Wednesday, April 3, 2019

New Regency Ballgown

I made this ballgown for the Locust Grove Ball in February. 

Photo credit Historic Locust Grove 

This was mostly based on this example, sketched out in Costume in Detail 

I actually fished the fabric out of my stash (yay, destashing!). This was a cotton sari I had bought from Regency Revisited eons ago, and totally forgotten about! I really need to go through my fabric tubs more, you find the greatest things!

Costume in Detail pages 103-104

The first part of this project involved my amazing fiance helping me make a duct tape dress form. I didn't actually take pictures of this, because I honestly was too afraid it wouldn't work out. In the end, it *mostly* did, and it has been invaluable! Also the whole affair was pretty fun, though I don't know what anyone walking by our dining room windows thought! (Fun fact we live next to a funeral home...) 

We fit the duct-tape form with my regency stays on, so I could drape on the right bustline. I stuffed the inside with pollyfill and plastic trash bags. Having this made a HUGE difference! I was able to drape a mock-up over the perfect bustline (though I have no photos for the same reason). 

When I tried on the mock-up, there did seem to be some distortion around the armsceye. However I was able to solve it pretty easily by just slashing it and redrawing the curve. 

A lot of this project was just taking the time to set the the gathers how I wanted them. It was time consuming, but it was a fun and satisfying process.  I gathered the front and back onto a piece of tape right under the bustline to provide stability. 

I cannot TELL you how much I agonized over the direction the peacocks were going here. Ultimately I decided it was fine, but Brian was pretty entertained to hear my muttering that the 'the damn turkeys are going the wrong way!"

Once the bodice was done, I just had to place the skirt, which was pretty easy.

I tried to keep the front smooth, but keep pleats on the back and sides. The original  had them mostly towards the back, but I like to add some on the sides as well so everything flows well over my hips.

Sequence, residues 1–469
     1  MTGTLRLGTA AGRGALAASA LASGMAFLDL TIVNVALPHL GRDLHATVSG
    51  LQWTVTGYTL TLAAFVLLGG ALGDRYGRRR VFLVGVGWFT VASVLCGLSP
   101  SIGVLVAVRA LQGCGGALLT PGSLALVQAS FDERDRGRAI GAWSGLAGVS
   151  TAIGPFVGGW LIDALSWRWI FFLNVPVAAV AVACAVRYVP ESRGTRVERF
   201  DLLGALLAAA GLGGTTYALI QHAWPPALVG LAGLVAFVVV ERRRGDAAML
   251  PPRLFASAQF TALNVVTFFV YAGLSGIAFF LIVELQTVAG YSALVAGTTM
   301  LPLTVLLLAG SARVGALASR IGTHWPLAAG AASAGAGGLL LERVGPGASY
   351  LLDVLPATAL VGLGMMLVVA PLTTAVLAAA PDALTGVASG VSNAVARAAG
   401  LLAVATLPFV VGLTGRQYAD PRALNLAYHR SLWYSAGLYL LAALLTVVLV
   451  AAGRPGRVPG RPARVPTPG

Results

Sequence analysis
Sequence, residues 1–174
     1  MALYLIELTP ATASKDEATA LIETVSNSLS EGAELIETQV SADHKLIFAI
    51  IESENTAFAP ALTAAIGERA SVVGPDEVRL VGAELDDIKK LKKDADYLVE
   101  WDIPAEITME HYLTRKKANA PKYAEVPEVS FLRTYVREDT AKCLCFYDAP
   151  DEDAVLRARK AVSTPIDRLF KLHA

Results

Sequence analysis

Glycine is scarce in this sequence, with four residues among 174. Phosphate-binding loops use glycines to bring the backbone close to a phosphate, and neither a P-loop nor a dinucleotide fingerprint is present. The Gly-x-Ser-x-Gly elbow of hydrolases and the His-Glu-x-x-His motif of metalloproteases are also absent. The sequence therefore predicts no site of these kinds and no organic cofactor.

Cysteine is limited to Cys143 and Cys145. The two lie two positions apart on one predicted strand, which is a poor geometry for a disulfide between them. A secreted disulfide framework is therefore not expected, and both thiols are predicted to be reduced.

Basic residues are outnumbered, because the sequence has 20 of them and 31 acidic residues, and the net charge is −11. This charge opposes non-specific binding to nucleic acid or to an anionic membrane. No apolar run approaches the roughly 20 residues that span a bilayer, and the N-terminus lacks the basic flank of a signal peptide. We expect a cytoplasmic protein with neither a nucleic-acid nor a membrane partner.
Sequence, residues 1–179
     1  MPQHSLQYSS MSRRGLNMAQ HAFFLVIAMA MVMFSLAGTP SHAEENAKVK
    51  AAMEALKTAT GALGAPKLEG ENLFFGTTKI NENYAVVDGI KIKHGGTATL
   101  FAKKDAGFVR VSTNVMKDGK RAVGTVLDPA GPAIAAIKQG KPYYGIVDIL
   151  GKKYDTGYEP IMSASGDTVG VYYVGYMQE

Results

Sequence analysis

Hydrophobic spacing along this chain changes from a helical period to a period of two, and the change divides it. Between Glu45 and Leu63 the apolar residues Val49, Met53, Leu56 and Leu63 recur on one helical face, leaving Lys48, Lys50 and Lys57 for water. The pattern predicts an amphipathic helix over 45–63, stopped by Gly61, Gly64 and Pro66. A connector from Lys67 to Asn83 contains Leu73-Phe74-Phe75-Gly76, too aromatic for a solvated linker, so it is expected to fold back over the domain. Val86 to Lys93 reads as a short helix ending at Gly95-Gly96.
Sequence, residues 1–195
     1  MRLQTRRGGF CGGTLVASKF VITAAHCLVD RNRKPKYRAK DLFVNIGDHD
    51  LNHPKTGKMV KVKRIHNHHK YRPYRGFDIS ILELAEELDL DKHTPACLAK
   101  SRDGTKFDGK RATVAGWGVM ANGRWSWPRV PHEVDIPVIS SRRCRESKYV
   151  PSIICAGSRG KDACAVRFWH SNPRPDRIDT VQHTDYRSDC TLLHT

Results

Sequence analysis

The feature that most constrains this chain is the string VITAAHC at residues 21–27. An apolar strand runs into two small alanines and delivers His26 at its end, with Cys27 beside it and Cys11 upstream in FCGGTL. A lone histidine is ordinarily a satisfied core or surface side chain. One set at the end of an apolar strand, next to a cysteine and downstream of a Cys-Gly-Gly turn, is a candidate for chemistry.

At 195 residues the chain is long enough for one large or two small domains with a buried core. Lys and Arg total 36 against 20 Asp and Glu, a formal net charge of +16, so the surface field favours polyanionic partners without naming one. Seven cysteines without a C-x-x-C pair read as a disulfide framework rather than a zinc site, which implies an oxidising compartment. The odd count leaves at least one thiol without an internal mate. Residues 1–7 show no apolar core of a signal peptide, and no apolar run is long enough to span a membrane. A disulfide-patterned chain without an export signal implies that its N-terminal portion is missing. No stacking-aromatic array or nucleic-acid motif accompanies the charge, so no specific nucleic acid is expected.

After I had pinned everything in place, I topstitched it. I was able to mostly hide the stitching, but there is also a line of stitching showing on the sketch in CID, do don't worry too much about. Topstitching is totally period. 


You can kind of see the stitching for the drawstring channel under the bust, but from the sketch in CID it looks like it is like that on the original. 

I ran into some issues because the ribbon I used for the drawstring was not long enough, and ended up popping back into the channel as I put the dress on. I was able to fish it out, but I really should have known  better. 

I finished this dress about an hour before I left for the ball, so I pretty much realized there would be some issues putting it on the first time and went in prepared. Luckily my friend Tom Tumbusch was there to help me get dressed, and he is AWESOME.

One other thing I realized far too late in this process was that I should have traced a line showing where my stays sit on the dressform. As it was I may have made the dip in the back a *little* too low. Luckily  Tom was able to help tuck everything down and pin it in place. I think I can alter it pretty easily before I wear it again, but I also need to just trace the darn stay lines on this thing.

Making a duct tape bodice over your stays is great, BUT
  • You will still need to do a mock-up!
  • Draw a line showing where your stays are on the the dressform.
  • Longer drawstrings are better than not long enough! 

With the ladies of the Indiana Historical Costuming Society. This was a really fun night.
Photo credit Historic Locust Grove.


  1. Nice one.. Creative sew.. This fabric is very smooth and idea is brilliant.

    1. I just saw this- thank you so much for your kind words!

  2. Je suis en France et je voudrais participer